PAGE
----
Our first guest is Nate Link, MD is the Chief Medical Officer at Bellevue Hospital, America’s oldest public hospital, in New York City, standing at the epicenter of the COVID-19 outbreak. He has practiced at Bellevue for 37 years since arriving as an intern at the onset of the AIDS epidemic.
Dr. Link discussion today will be about his new book, The Ailing Nation: Lessons from the Bedside for America’s Leaders. Dr. Link graduated from Washington University School of Medicine in 1983, completed his residency training in internal medicine at New York University/Bellevue Hospital in 1986, and has continued as a practitioner, teacher, and physician leader at Bellevue ever since. In 1989, Dr. Link earned a Master of Public Health (MPH) Degree in Health Policy and Management at Columbia University School of Public Health while working full time as an NYU faculty member in the Bellevue Primary Care Clinic. For more information on Dr. Link, visit his website snickersnack.com. View book trailer here:http://bit.ly/AilingNationBookTrailer
Our second guest is PETA neuroscientist, Emily Trunnell. She is with us today to discuss Sepsis experiments on animals. Instead of using modern research methods to find a cure, billions of taxpayer dollars have been spent and more are set to be spent on sepsis experiments on animals, while the more than 150 medicines that have effectively treated sepsis in other species have then failed in humans. Our government has known why since 2013 when researchers found that sepsis in mice is an entirely different condition from sepsis in humans, yet no one has stopped the research gravy train that allows money to be wasted on these “go nowhere” experiments that harm and kill millions of animals to no human benefit. She will also discuss state-of-the-art, human-relevant research methods that are available and urgently need to be used. For more information, please visit www.peta.org a painful, deadly condition that afflicts more than 1.7 million American adults and kills more than 270,000 Americans each year. It is the body’s extreme response to an infection and can quickly cause tissue damage and organ failure.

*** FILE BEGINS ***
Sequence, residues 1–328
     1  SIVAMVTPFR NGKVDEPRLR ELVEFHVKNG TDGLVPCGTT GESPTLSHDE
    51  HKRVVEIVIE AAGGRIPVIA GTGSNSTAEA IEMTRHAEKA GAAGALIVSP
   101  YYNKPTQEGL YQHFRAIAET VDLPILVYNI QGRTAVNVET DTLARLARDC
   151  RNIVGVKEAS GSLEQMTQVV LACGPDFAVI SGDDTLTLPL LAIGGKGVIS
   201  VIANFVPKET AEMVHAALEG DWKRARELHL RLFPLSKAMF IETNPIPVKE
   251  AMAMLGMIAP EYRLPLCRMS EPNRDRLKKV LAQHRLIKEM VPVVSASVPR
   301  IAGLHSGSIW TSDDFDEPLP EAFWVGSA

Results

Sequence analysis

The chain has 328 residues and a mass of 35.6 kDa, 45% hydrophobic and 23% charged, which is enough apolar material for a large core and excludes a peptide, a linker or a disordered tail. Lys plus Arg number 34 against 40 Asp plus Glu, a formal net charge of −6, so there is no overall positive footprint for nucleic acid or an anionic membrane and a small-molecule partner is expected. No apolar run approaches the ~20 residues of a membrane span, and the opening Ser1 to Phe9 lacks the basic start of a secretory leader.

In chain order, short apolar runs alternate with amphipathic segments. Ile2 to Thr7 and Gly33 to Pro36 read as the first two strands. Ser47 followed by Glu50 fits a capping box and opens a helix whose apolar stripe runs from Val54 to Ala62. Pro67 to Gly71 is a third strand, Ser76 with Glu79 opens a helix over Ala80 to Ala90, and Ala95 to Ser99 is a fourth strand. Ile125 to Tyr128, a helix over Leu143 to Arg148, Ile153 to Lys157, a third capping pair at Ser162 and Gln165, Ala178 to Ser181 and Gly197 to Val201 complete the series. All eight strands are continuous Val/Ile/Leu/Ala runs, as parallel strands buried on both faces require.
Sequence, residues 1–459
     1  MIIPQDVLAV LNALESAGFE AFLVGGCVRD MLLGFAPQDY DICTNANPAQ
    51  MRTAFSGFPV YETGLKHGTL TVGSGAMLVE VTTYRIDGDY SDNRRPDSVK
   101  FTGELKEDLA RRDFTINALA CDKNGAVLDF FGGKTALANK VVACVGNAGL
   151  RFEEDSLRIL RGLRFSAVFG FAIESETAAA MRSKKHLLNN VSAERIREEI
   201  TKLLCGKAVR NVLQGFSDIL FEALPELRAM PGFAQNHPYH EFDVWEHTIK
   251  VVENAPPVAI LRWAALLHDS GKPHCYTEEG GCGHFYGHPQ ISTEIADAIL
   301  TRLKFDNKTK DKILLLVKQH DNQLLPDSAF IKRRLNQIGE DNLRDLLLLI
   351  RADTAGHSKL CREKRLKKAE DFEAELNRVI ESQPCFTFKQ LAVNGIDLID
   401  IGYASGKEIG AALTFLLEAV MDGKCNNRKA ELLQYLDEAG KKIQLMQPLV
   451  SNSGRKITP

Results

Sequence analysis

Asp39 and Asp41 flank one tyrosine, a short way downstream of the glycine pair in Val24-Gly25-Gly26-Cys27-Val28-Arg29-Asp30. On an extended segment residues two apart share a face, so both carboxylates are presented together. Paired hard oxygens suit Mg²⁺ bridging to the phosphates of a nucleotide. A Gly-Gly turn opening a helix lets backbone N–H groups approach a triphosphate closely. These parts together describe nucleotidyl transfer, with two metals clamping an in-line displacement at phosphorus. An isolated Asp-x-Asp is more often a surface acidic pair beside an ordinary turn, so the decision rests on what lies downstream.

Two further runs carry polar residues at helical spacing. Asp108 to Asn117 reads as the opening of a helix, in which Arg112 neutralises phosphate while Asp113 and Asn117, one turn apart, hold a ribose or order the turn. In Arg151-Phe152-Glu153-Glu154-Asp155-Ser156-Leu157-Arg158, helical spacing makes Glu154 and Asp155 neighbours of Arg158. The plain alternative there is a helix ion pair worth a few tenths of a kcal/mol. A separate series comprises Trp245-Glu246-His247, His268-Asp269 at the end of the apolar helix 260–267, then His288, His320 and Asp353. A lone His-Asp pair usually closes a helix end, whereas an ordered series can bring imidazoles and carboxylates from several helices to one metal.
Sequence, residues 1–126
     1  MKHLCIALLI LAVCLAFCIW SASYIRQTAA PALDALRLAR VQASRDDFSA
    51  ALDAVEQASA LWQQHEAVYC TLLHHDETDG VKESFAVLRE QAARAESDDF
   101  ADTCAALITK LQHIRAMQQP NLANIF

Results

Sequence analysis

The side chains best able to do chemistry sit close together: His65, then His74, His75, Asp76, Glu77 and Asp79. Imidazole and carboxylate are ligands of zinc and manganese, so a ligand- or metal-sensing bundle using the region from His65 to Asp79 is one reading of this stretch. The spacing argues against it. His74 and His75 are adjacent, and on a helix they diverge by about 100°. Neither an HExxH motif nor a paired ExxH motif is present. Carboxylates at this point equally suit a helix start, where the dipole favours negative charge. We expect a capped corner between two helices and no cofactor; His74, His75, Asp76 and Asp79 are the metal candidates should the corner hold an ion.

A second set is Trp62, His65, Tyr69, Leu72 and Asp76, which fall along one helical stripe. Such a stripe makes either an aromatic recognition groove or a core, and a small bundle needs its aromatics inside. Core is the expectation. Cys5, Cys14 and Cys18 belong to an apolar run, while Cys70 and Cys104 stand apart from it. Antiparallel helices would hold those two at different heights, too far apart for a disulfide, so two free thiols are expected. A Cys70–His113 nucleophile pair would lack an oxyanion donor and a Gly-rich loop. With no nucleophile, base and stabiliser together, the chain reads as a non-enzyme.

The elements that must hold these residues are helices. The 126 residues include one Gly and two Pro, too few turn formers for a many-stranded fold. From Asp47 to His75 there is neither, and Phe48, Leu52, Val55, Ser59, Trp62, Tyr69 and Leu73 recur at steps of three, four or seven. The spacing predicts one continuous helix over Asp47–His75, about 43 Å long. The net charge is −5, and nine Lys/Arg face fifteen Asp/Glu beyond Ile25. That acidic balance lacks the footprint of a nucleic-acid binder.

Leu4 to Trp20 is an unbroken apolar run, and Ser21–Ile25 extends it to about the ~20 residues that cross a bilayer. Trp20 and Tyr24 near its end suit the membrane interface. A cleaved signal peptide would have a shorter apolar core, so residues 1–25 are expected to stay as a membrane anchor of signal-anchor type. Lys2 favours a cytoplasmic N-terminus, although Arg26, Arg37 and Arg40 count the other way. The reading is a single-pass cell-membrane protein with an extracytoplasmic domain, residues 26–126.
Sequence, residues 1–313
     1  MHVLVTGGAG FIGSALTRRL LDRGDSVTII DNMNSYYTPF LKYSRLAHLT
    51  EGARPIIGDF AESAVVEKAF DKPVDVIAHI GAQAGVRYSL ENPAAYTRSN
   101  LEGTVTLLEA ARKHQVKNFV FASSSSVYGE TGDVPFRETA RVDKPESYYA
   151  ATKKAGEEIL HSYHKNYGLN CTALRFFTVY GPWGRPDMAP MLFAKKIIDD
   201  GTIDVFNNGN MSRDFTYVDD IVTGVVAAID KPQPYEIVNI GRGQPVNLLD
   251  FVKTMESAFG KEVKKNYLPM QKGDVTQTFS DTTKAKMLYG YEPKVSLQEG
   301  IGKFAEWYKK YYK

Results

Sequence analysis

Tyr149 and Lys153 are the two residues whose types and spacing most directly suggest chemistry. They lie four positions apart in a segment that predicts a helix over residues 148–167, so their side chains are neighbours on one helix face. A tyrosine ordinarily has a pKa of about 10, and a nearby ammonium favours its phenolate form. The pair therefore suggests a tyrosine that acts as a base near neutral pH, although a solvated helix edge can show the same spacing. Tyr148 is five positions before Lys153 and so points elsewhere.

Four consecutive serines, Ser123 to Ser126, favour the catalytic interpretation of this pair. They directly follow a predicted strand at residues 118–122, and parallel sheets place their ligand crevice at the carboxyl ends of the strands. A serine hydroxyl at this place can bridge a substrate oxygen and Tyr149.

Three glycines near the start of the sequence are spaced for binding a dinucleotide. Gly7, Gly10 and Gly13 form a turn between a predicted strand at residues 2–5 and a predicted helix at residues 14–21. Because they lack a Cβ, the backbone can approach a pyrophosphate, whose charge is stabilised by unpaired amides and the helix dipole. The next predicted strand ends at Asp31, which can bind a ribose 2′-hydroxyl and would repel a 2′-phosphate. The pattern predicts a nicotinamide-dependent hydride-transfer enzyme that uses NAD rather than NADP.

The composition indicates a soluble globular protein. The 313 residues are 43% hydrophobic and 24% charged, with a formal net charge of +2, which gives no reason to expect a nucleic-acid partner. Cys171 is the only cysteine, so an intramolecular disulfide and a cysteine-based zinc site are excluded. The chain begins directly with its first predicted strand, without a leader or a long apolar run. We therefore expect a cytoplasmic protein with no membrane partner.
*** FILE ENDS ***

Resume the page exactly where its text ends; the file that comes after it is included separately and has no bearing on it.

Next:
Our last guest is Dr. James Thomas, Director for the Center for Heart Valve Disease and Academic Affairs in the Northwestern Medicine Bluhm Cardiovascular Institute will be discussing the importance of this technology and the strides being made in combating cardiovascular disease.
James D. Thomas, MD, is a cardiologist at Northwestern Medicine with a clinical focus in valvular heart disease and echocardiography and extensive research into applying physical principles and advanced technology in cardiovascular imaging. He now serves as Director for the Center for Heart Valve Disease and Academic Affairs in the Bluhm Cardiovascular Institute and co-directs the Center for Artificial Intelligence in Cardiovascular Disease while serving as Professor of Medicine at Northwestern University Feinberg School of Medicine. For more information please visit www.nm.org/radio